Nitrogen concentration, ammonium/nitrate ratio and NaCl interaction in vegetative and reproductive growth of peanuts

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32 Scopus citations

Abstract

Peanuts (Arachis hypogaea L. cv. Shulamit) grown with NO3 and saline water in hydroponics responded positively to addition of nitrogen (N) in their vegetative growth, but not in desert dune sand. In order to clarify these conflicting results, peanut plants were grown in a greenhouse pot experiment with fine calcareous sand. The nutrient solution contained 0 or 50 mM NaCl and 2 or 6 mM N in the form of Ca(NO3)2, NH4NO3 or (NH4)2SO4. Three replicates were harvested after 48 days (beginning of reproductive stage) and three after 109 days (pod filling). In addition, gynophores were treated with 0, 50, 100, 150 or 200 mM NaCl outside the growth pot to check their sensitivity to salt. Shoot dry weight became greater with increasing NH4+/NO3 ratio. Increasing the N concentration from 2 to 6 mM did not change shoot dry weight of the NH4NO3 or NH4+‐fed plants, but caused a reduction in shoot dry weight of NO3‐fed plants. Shoot dry weight was not affected by increasing the NaCl concentration to 50 mM. Salt caused an increase in the number of gynophores per plant and a reduction of the mean pod weight. A NaCl concentration of 100 mM and above reduced gynophore vitality. It is concluded that the salt sensitivity of peanut plants resides mainly in the sensitivity of the reproductive organs.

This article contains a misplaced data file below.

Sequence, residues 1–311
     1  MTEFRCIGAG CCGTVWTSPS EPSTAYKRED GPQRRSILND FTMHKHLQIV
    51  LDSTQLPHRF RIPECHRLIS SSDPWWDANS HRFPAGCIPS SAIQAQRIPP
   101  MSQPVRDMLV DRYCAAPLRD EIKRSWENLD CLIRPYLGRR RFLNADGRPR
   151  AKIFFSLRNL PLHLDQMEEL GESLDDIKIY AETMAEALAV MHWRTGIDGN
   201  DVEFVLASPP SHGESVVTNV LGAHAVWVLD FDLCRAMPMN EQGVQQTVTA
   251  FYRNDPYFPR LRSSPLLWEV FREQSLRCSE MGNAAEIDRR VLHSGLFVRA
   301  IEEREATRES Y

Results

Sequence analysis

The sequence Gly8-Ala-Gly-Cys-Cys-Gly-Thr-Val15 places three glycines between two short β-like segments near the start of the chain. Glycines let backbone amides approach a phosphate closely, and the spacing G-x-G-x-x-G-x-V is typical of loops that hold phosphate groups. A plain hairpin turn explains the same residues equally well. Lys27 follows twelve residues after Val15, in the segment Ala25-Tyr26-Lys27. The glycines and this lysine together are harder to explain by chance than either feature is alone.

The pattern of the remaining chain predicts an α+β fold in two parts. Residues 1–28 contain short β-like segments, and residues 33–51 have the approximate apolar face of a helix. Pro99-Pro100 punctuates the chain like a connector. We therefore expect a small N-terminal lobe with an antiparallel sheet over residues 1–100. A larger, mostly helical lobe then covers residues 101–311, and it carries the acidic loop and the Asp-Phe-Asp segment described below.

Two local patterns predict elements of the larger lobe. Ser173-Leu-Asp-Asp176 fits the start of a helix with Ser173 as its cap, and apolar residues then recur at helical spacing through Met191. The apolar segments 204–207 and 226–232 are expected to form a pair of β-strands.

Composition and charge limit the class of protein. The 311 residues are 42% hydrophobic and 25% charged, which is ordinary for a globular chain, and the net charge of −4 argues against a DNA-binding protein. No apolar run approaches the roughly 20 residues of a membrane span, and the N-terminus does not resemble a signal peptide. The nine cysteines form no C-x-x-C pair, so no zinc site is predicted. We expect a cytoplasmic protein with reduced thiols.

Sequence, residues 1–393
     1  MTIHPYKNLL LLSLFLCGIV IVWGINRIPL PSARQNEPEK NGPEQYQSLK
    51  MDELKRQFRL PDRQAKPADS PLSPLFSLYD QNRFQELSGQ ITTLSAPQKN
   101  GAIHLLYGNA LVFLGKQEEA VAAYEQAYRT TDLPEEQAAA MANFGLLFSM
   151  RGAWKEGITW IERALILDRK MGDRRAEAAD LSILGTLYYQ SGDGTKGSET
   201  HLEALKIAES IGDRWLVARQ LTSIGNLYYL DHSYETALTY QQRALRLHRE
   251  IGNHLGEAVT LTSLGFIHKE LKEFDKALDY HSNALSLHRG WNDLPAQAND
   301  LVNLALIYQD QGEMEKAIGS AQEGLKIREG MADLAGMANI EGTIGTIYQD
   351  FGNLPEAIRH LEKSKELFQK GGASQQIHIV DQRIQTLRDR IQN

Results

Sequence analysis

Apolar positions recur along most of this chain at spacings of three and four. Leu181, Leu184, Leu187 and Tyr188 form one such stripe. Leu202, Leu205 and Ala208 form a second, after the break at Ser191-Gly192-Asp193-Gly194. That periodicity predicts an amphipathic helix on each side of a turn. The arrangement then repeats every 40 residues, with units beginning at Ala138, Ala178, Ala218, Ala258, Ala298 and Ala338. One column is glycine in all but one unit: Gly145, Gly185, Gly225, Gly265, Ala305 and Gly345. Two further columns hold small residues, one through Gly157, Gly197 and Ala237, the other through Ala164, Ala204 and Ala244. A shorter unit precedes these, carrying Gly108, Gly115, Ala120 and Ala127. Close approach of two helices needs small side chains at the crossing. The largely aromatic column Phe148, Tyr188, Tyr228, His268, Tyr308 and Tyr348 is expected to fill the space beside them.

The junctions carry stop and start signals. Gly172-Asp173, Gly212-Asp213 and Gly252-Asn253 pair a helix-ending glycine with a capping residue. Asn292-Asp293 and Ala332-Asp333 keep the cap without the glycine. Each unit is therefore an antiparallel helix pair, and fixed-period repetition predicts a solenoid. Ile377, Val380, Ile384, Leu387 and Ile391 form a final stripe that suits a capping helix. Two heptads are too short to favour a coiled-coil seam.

Original languageEnglish
Pages (from-to)493-498
Number of pages6
JournalPhysiologia Plantarum
Volume74
Issue number3
DOIs
StatePublished - 1 Jan 1988

Keywords

  • Ammonium/nitrate ratio
  • Arachis hypogaea L.
  • dune sand
  • gynophores
  • peanuts
  • water salinity

ASJC Scopus subject areas

  • Physiology
  • Genetics
  • Plant Science
  • Cell Biology

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